What We Know About BBC One's Jimmy Savile drama 'The Reckoning'
As with many of its outbound links, this article makes references to sexual assault and harassment.
The story of disgraced entertainer Jimmy Savile is the subject of a brand new BBC drama titled The Reckoning. The rise and fall of the late radio DJ and television presenter, as well as the devastation of Savile's prey crimes, will be explored in the mini-series. But who will take over the role and when will it air? Here's what we've learned so far.
The Reckoning will air on BBC One in the near future. However, given that the series has only just been announced, an exact air date is yet to be determined. Nonetheless, according to RadioTimes, filming is on hold.
As previously stated, the mini-series will follow radio and television presenter Jimmy Saville, who rose from humble beginnings to become one of the UK's top entertainers in the 1970s and '80s, appearing on top shows like Top of The Pops & Jim'll Fix It.
Savile's long history of sexual abuse was exposed after a sensational ITV documentary and dozens of public inquiries following his death in 2011. Savile has become one of the most hated figures in modern history shortly after the scandal broke.
As the Radio Times reported, The Reckoning will examine all areas of Savile's life and career, including his early years in northern England, his career at the BBC, and his attempts to conceal any damaging allegations, while also highlighting the impact his crimes had on the many victims he assaulted throughout his life.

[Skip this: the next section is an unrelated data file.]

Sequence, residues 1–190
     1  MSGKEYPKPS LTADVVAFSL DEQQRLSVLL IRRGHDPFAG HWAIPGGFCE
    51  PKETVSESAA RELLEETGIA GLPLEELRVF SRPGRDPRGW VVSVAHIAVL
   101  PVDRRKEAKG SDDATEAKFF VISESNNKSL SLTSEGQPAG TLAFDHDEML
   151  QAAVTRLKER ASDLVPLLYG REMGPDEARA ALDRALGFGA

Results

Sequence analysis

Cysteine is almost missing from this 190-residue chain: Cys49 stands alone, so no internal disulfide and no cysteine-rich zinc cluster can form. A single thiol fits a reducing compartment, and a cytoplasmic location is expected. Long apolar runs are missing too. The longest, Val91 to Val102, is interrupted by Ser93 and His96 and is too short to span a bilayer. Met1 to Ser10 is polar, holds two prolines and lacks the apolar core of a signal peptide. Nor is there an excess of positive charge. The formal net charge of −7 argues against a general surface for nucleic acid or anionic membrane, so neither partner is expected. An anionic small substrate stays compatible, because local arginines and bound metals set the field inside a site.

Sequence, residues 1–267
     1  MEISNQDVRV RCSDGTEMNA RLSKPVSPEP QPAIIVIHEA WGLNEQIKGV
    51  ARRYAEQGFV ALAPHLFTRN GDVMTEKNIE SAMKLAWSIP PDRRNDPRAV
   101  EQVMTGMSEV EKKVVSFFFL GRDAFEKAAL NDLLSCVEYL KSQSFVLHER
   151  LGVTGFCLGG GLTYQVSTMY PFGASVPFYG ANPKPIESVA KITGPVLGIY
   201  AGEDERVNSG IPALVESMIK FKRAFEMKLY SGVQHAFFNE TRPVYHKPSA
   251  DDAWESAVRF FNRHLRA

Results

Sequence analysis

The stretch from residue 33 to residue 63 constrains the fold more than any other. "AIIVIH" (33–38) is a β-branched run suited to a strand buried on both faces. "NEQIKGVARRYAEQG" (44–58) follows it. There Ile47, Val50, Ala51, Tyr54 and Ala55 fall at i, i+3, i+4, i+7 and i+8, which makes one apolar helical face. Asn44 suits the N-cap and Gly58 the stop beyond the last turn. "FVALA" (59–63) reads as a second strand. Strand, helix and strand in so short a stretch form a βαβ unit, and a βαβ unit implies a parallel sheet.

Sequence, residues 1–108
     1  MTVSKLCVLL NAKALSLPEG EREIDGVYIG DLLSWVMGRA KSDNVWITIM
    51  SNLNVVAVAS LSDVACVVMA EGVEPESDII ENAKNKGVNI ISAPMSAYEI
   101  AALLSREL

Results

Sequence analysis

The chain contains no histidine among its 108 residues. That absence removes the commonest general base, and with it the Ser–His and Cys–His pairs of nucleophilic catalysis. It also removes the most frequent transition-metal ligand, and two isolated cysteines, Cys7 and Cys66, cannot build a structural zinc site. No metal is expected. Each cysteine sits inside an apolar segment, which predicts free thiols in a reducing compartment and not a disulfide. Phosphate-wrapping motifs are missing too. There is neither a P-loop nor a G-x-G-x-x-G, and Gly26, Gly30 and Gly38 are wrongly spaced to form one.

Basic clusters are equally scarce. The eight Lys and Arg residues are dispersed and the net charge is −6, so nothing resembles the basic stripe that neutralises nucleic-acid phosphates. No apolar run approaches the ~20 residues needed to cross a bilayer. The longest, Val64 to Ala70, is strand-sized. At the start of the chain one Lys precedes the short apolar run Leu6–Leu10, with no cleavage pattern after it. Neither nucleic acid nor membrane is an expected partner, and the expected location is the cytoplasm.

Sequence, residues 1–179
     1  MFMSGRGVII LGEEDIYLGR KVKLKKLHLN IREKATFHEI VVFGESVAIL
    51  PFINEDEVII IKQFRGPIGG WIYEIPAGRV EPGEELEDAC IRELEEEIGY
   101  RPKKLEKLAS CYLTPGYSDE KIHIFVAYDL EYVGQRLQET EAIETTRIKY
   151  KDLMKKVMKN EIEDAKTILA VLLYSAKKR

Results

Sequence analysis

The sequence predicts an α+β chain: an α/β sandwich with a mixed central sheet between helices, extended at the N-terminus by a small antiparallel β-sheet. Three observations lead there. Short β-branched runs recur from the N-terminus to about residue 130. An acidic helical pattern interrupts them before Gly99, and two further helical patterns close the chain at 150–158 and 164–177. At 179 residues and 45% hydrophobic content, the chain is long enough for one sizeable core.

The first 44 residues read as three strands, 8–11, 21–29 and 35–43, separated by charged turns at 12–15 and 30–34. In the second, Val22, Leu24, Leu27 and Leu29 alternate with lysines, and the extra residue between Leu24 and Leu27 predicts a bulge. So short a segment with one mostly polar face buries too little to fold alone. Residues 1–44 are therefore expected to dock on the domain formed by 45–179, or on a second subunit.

Steve Coogan, of Alan Partridge and Philomena fame, has been named as the shows lead actor. Coogan said the decision to play Saville was not a decision I took lightly," adding that this horrific story needs to be told.
Saville will be portrayed by Coogan for the first time in Oct. 2021 on the set of The Reckoning, per Digital Spy.
Executive producer Jeff Pope, who is overseeing The Reckoning alongside BAFTA-winner Neil McKay, also described The Reconciliation as "a story that has to be told."
Jimmy Savile, who has a criminal history, has long been immune to proper scrutiny and investigation, he added. Piers Wenger, the BBC drama controller, recently clarified the intentions of the mini-series, saying the drama "did not intend to sensationalise these crimes," but rather "give voice to his victims."
"We will work with survivors to ensure that their stories are told with sensitivity and respect, as well as to examine the institutions with which Jimmy Savile was associated and the circumstances in which these crimes took place. Wenger concluded that "dramatically, it has the ability to examine sensitive real life issues and consider the effects of a crime on its victims and what lessons can be learned to prevent this from happening again."
This post was first published on November 18, 2018.